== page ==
Recession has food pantries helping more families in need

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SALT LAKE CITY -- There are increasing signs the economic downturn is cutting deeper and hurting more people than ever in Utah. One indicator: emergency food distributions are rising significantly.

There are a number of places people can go to get help when they feel they just can't make it on their own. More and more, it's people who've never come in before.

Food handouts from the pantry at Crossroads Urban Center went up 24 percent last year, and there's no sign the trend is peaking.

"The demand for emergency food is continuing to rise pretty aggressively," said Glenn Bailey, executive director of Crossroads Urban Center. "It's across the country, of course. I mean, I think any community in America that you went to today would have a similar story."

Recession has food pantries helping more families in need

In fact, Joe Huennekens and his fiancée came here from Oregon. Like the Okies in the Great Depression, they hit the road looking for better prospects. Oregon's unemployment rate is twice as high as Utah's, so they thought Utah might be the answer.

"It's not the greatest, but it's not the worst either," Huennekens said.

Now they're living in Huennekens' car, still looking for work and relying on charity to get what they need to get by "Food, clothing voucher; I heard that they had gas vouchers also. Because we've been staying in my car, so, gas is a big one because it's cold here," Huennekens said.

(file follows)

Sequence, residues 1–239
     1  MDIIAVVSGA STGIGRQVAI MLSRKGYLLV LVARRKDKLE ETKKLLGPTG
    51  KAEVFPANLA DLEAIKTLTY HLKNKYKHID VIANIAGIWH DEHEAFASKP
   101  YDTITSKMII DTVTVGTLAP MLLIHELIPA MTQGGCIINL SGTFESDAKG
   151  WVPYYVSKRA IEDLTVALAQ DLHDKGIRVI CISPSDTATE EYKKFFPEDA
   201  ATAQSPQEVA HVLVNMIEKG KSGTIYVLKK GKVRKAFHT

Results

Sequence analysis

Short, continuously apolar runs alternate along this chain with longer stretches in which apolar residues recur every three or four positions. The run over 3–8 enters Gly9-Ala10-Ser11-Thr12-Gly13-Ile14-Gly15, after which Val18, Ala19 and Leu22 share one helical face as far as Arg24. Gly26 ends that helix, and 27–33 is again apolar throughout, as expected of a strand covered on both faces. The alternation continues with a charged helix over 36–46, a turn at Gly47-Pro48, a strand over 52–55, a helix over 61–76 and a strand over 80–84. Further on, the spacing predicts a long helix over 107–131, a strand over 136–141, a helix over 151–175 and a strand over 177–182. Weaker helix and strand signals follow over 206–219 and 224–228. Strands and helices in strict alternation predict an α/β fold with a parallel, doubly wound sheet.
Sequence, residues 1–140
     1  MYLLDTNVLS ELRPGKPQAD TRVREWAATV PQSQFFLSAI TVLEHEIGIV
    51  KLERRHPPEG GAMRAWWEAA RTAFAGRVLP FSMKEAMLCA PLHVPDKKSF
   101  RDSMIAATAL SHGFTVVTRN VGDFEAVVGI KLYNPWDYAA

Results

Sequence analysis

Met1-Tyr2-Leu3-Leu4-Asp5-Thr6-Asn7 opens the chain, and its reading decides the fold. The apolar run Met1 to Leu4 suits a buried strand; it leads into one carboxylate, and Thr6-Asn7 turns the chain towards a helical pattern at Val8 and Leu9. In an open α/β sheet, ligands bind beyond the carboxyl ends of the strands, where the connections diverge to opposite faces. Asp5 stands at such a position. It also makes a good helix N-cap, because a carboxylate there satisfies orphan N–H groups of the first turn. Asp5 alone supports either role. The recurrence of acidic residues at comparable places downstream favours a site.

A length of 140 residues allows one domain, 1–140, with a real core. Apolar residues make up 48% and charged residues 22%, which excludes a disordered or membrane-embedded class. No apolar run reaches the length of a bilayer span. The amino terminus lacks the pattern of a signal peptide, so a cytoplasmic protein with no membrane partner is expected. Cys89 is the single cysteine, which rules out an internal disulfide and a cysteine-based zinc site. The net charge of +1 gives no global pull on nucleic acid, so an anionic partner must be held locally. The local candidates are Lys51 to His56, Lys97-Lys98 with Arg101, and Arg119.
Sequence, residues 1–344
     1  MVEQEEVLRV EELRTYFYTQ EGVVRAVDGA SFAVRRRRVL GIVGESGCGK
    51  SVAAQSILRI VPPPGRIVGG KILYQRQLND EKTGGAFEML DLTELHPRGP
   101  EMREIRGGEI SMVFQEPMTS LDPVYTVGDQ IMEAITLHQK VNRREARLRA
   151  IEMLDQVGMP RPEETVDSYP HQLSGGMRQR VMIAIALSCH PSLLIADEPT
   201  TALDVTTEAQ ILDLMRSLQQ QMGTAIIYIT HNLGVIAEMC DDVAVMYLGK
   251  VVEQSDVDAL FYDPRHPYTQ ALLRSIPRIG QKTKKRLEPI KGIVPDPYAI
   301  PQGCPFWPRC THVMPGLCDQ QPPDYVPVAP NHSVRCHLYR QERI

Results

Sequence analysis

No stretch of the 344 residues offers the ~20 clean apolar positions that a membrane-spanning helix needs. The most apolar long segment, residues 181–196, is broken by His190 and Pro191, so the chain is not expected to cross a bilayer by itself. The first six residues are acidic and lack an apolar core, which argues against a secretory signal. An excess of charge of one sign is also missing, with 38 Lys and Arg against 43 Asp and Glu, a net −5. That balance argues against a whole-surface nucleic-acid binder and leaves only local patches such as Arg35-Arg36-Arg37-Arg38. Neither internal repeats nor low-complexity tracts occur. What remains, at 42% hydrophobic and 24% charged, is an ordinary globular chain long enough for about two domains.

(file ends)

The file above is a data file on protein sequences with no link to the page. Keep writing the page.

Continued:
Utah still hasn't hit the unemployment peak we saw in 2002. It was 5.9 percent then; 4.6 percent now. But some indicators are hitting record levels.

Seventy thousand Utah households now rely on food stamps, after a decade of steady increase and a jump last year of 27 percent. Salt Lake County food stamps jumped almost 32 percent last year; in the St. George area, it jumped nearly 67 percent.

Hard times are hitting people who aren't used to it. "In February, about 20 percent of all the people that came to us for emergency food had never been here before. That's a troubling concern," Bailey said. "The other reason I'm concerned is nobody knows where the bottom is in this thing."

In fact, a new Dan Jones survey of Utah business leaders suggests the worst is yet to come. Their forecast is for a weakening of their companies, lower capital spending and continuing job cuts.


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John Hollenhorst


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